Mood disorders and mental illness are common manifestations of Lyme disease and other tick-borne infections. In acute Lyme disease, cognitive impairment (what most refer to as brain fog) is a common symptom. However, when tick-borne infections go undiagnosed for a long period of time, people can experience a range of neuropsychiatric symptoms. Lyme disease can cause anxiety, panic attacks, depression, bipolar disorder, developmental disorders, autism, schizophrenia, PTSD, addiction, insomnia, cognitive impairment, dementia, violence, and even suicide.
There are over 400 peer-reviewed articles discussing the association between Lyme disease and neuropsychiatric symptoms. The biggest challenge for people suffering from mood disorders is most mental health practitioners are not trained to look for the underlying cause(s) of the symptoms – including Lyme disease. Many people end up on mood-stabilizing medication for years – or a lifetime – without a known cause of their symptoms. In some with Lyme disease, mood symptoms may improve on psychotropic medication, but symptoms often relapse.
If a mood disorder is caused by Lyme disease or an associated infection, it may present as “atypical.” This is because the symptoms do not have the usual characteristics of the mood disorder while also having additional symptoms such as fatigue, joint pain, or headaches.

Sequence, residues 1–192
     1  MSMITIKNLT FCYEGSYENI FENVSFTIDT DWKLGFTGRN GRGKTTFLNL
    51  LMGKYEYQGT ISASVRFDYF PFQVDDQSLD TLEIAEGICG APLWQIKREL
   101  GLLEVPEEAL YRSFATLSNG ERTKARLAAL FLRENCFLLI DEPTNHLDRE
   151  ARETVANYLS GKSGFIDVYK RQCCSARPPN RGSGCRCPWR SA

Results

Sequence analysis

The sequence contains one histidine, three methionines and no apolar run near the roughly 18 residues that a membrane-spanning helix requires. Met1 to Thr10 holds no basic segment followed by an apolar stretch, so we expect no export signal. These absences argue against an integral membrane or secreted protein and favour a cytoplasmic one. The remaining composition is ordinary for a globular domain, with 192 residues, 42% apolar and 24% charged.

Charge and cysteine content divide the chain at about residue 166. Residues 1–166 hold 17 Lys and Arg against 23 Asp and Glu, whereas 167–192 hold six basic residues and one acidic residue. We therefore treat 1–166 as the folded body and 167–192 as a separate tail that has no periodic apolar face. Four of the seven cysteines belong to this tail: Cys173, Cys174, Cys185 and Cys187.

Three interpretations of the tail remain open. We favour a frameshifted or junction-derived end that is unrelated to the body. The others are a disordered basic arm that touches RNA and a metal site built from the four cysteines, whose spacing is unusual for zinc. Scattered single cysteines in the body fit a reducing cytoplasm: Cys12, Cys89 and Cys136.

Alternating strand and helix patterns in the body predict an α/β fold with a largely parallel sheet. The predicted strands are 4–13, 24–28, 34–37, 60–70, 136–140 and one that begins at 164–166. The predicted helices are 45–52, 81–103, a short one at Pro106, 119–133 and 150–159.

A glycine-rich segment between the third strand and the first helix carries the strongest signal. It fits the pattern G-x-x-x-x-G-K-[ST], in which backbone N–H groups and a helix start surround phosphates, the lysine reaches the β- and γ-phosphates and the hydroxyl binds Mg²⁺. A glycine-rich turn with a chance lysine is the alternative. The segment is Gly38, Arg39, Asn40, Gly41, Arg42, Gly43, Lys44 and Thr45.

What Causes Neuropsychiatric Symptoms in Lyme Disease?
In tick-borne infections, it is believed damage to the nervous system can occur in three ways leading to neuropsychiatric symptoms. In the vascular form, tissue death in the brain can take place. In addition, infection with Borrelia within the central nervous system can lead to atrophy and encephalitis of the brain. The third type of damage happens outside of the central nervous system and causes an inflammatory response that affects the central nervous system.
Like many systemic symptoms associated with Lyme disease, neuropsychiatric symptoms can be caused by the immune response sparking inflammation.
The persistent immune response – even after the pathogen has been eliminated – includes inflammatory cytokines and autoimmune processes. Lyme bacteria has been shown to trigger antibodies to neuronal tissue leading to neurodegeneration.